2. Where they will be
  3. Who Is going to be traveling with the child and
  4. Phone numbers on where they may be reached

Often times Child Custody Orders place additional restrictions on parents regarding international travel. These additional restrictions usually focus on passports and which parent is in charge of being in possession of the passports and under what circumstances is the other parent allowed to have the passport for travel.

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Other Articles you may be interested in:

  1. Children's Passports and International Travel after Texas Divorce
  2. The Dirty Trick of Moving Out of State with the Kids
  3. Geographic Restrictions in Child Visitation Orders in Texas
  4. Common Law Marriage and Texas Divorce Guide
  5. How to get a Common Law Divorce in Spring, Texas
  6. Am I Married? - Marital Status in Texas
  7. Can I sue my spouse's mistress in Texas?
  8. When is, Cheating Considered Adultery in a Texas Divorce?
  9. 6 things You Need to Know Before You File for Divorce in Texas
  10. Child Custody Basics in Texas

Law Office of Bryan Fagan | Spring Divorce Lawyer

The Law Office of Bryan Fagan routinely handles matters that affect children and families. If you have questions regarding divorce, it's important to speak with ar Spring, TX Divorce Lawyer right away to protect your rights.

A divorce lawyer in Spring TX is skilled at listening to your goals during this trying process and developing a strategy to meet those goals. Contact Law Office of Bryan Fagan by calling (281) 810-9760 or submit your contact information in our online form. The Law Office of Bryan Fagan handles Divorce cases in Spring, Texas, Cypress, Spring, Klein, Humble, Kingwood, Tomball, The Woodlands, the FM 1960 area, or surrounding areas, including Harris County, Montgomery County, Liberty County, Chambers County, Galveston County, Brazoria County, Fort Bend County and Waller County.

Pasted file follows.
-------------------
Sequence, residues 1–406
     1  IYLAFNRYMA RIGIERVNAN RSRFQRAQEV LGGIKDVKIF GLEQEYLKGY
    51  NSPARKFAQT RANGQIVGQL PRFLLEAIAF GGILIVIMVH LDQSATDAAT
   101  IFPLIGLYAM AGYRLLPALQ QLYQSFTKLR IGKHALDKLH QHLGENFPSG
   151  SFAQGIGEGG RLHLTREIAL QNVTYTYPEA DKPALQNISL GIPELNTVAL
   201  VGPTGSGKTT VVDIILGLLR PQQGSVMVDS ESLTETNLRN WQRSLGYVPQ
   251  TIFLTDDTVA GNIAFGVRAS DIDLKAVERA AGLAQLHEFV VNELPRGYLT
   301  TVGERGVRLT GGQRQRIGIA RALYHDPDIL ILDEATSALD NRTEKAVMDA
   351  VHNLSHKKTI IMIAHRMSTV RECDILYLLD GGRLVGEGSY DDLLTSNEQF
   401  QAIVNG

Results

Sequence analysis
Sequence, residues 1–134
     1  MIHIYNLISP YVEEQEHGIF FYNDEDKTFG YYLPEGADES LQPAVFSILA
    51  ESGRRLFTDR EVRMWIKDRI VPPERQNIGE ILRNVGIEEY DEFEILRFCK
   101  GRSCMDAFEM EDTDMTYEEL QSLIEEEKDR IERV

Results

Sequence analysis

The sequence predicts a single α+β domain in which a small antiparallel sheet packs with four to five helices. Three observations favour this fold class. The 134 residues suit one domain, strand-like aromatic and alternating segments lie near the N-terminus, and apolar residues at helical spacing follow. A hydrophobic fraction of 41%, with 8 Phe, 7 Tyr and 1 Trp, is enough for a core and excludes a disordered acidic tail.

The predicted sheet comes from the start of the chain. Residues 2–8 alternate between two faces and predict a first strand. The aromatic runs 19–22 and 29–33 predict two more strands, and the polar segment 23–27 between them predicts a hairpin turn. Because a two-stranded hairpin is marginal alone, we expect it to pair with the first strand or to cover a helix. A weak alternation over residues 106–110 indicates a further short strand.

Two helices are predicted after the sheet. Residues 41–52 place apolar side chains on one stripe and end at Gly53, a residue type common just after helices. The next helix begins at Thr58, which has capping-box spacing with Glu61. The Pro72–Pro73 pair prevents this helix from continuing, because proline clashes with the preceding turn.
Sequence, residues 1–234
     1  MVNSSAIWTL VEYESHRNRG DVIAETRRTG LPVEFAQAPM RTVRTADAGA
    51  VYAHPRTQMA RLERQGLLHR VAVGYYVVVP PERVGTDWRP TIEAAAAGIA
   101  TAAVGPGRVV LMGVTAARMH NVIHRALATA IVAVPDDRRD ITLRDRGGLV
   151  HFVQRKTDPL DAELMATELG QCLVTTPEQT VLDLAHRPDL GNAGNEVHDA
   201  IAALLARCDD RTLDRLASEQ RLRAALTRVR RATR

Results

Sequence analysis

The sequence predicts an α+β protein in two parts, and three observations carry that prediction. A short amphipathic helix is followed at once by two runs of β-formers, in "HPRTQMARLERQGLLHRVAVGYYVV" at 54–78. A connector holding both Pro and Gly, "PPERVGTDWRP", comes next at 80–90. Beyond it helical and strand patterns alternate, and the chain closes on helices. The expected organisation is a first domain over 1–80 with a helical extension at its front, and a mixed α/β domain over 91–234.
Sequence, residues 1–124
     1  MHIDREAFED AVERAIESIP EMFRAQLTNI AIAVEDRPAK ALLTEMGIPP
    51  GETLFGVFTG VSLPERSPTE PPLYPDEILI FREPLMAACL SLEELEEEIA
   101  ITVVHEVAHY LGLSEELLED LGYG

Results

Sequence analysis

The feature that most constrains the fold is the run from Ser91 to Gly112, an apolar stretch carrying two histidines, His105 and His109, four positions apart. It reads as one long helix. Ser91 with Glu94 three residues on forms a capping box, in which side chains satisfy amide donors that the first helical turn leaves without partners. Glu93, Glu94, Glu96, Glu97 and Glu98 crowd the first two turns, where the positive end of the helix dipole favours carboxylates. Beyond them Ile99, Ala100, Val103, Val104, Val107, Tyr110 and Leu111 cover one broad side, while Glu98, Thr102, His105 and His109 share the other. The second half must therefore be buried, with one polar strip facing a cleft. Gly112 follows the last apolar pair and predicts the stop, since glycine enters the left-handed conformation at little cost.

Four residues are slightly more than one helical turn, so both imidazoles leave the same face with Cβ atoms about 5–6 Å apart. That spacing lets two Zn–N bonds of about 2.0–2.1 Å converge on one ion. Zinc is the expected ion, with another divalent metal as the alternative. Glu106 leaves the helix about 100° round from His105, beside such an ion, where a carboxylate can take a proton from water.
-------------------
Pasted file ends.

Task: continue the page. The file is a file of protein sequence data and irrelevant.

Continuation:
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  • Frequently Asked Questions

    Our blog features a wealth of knowledge pertaining to some of the most frequently asked family law questions.

    Read More
  • Sign Up For Our Free E-Course

    Click here to sign up for our free E-Course on Divorce! It has been specifically created to help people who are considering divorce and wish to learn more about the divorce process

    Sign Up Now
  • Schedule Your Free Consultation Now

    Schedule a risk-free consultation today and we can assess your case.

    Book Now
  • Meet With a Finance Specialist

    Discuss payment plan options and more with a finance specialist.

    Get Started Now

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Law Office of Bryan Fagan
Spring Divorce Attorney
Located at: 17101 Kuykendahl Rd,
Houston, TX 77068
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Phone: (281) 810-9760
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Disclaimer

The information on this website is for general information purposes only. Nothing on this site should be taken as legal advice for any individual case or situation. This information is not intended to create, and receipt or viewing does not constitute, an attorney-client relationship.